Even cutting the “motorcars” in half would only reduce the vehicle density on the roads to about what it was when I left in January, 1992. As it is, I estimate with the rate of increase in vehicles there’ll be total gridlock on the island’s roads within four years, maybe less. The number of vehicles in Barbados simply cannot be supported by its near finite roads, which have perhaps only increased some 12% in miles around the island, while vehicles have doubled since 1992. As a result, just to get from Worthing (about five miles from Bridgetown) into town now takes the better part of an hour on a weekday morning, compared to 25 minutes in 1992. (Added to this problem is that to get from point A to B in Barbados often means taking one particular highway, e.g. Highway 7 along the South coast, and there are NO other options).

The other nasty part of the debt equation is the need to import foodstuffs from other islands or nations (like the U.S., Canada, New Zealand, Australia) thereby losing foreign exchange to them. Barbados simply can’t produce enough chickens, or pork, to meet demand, far less vegetables and fruit. Not helping this situation is praedial larceny, by which crop thieves come into fields in the dead of night and steal whole crops just before they’re ready to harvest. This has been a blight on the island since 1990 or earlier, but no Bajan government seems to want to impose the rigid laws needed to stop it – given what’s at stake. I have often proposed allowing farmers to build 10’ high electrified fences to protect crops- but no one seriously wishes to see this implemented. Despite the fact that if all foreign food imports were suddenly cut off most of the population (now 288,000 according to The CIA World Fact Book:2009) would starve.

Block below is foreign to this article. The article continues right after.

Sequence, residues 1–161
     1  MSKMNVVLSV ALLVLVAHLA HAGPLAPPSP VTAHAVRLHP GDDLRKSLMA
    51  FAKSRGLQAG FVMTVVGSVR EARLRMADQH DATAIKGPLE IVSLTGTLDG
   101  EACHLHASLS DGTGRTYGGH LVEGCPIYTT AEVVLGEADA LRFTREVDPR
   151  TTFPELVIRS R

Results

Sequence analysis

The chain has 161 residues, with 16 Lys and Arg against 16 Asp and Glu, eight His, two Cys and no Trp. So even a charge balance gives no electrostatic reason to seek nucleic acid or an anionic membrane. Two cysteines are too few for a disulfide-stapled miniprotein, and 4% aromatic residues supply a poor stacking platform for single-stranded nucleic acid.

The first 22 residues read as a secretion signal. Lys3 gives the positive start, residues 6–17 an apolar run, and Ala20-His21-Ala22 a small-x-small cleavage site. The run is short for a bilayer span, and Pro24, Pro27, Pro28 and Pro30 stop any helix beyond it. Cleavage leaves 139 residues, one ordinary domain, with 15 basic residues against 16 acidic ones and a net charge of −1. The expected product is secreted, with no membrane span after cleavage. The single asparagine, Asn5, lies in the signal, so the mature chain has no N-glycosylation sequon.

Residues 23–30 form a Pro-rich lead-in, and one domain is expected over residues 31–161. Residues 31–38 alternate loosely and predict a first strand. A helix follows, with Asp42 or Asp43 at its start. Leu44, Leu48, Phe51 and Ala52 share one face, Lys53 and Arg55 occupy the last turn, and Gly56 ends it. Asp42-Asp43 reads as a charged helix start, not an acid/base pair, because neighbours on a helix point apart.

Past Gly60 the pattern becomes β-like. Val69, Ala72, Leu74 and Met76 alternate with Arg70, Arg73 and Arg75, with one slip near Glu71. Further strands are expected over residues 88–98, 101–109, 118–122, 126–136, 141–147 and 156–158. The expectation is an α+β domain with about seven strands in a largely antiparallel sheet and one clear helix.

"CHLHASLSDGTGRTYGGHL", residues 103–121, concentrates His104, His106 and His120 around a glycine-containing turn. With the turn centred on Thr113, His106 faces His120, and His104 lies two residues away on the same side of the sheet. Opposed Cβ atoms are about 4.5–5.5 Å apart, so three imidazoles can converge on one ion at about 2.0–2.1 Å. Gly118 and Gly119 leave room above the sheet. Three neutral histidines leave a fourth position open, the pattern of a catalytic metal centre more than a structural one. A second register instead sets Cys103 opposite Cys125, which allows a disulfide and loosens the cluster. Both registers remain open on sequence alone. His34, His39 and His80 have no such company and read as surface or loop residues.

Something needs to be done, and soon.

In Part II: The Tourism Sector and How it May Save the Day.


Dreamstarworld said...

How did you arrive at Greece's Debt @10%?

Copernicus said...

All the statistics cited in the blog were from an article appearing in The Barbados Sunday Advocate News from May 23rd. They were included in an article written by a former Governor of the Central Bank of Barbados, Courtney Blackman.